If you’ve been around the afternoon tea block, The Langham is the best place to have a chilled-out one in London. This isn’t to say that the surroundings are casual—the mirrored, pillared Palm Court room is very fancy, as is the Wedgwood crockery your tea’s served on. But this is a place you can feel comfortable hanging for a while with your pals without worrying about disturbing others around you. It’s even a good place to bring kids, which helps if your sister absolutely insists on bringing your constantly-in-motion nephews.


From £40 per person

The name alone is enough to get us curious about this tea room inside The Bloomsbury Hotel. What goes on in the coral room? Why not The Salmon Room? The Peach Room? We don’t have the answer to all of those questions, but we do know what happens in this high-ceilinged, artwork-filled room. And it involves little egg mayonnaise brioche buns, a lemon and basil drizzle cake we wish we could supersize, and faultless service. You can order as many refills of tea as you’d like, and if you request it ahead of time, they can cater to any dietary requirements.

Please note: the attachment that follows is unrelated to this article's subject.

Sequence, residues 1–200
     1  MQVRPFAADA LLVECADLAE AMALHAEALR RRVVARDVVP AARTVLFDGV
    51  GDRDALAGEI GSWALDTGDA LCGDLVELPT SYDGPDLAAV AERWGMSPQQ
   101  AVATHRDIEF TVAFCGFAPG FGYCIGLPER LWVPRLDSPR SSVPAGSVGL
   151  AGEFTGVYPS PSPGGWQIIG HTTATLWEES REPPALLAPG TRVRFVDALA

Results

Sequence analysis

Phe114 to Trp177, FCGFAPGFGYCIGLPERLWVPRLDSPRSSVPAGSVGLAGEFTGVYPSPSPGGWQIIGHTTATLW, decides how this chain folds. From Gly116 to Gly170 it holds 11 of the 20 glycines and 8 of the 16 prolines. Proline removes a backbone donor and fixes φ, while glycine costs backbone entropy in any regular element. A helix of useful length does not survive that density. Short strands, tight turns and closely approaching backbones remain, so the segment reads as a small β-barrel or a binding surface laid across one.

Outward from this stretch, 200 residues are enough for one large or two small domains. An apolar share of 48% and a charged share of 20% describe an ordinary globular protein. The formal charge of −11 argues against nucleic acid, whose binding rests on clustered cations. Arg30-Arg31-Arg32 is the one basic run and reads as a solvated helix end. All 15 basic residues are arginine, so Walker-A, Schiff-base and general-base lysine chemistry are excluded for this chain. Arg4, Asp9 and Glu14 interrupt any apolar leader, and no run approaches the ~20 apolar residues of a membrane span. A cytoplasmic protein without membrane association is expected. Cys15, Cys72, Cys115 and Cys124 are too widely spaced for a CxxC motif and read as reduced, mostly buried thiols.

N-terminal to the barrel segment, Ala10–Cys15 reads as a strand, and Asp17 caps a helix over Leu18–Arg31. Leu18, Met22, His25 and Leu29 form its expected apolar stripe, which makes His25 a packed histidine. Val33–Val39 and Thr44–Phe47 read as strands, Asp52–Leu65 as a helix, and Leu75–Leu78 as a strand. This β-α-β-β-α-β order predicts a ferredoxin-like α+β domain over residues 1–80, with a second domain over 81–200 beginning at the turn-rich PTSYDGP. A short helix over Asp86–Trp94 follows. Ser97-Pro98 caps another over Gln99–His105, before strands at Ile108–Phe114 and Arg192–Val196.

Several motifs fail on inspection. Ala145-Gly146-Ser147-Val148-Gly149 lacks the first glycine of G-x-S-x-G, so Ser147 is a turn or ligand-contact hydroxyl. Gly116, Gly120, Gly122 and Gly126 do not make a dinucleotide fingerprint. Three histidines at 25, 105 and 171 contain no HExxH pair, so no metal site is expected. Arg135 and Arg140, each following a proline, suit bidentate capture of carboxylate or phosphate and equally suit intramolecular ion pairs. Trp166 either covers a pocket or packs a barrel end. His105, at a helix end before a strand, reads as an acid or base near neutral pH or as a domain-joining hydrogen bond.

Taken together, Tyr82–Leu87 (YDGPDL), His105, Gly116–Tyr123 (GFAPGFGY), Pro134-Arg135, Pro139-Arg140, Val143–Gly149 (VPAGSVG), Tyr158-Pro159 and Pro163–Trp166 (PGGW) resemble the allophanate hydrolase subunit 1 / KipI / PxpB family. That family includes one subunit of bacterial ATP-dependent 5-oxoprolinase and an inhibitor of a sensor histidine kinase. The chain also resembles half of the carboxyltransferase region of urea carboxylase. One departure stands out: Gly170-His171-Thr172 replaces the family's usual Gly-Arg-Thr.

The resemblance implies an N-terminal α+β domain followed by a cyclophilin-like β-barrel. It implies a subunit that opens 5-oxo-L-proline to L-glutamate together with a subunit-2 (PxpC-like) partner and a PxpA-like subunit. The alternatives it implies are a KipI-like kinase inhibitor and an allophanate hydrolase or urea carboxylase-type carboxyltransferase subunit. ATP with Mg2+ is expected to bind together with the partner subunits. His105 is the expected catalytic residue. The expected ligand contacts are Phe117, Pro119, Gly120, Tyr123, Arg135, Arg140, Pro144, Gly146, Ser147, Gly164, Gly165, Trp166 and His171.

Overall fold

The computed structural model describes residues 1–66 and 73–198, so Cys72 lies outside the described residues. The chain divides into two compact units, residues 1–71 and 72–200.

From £70 per person

Fortnum & Mason is a department store that’s famous for supplying the royals with their tea, and at times can feel like a very posh human zoo—until you sit down for the extremely pleasant tea service. While some tea services are held in whatever old drawing room a hotel could come up with, the entire fourth floor at Fortnum & Mason was clearly designed for the sole purpose of afternoon tea. Come for a classy experience, and if you’re with someone who refuses to eat clotted cream, they’ll accommodate pretty much any dietary requirement. Don’t turn up expecting a table (remember, this place is a human zoo), but you can usually book online the day before and get a table.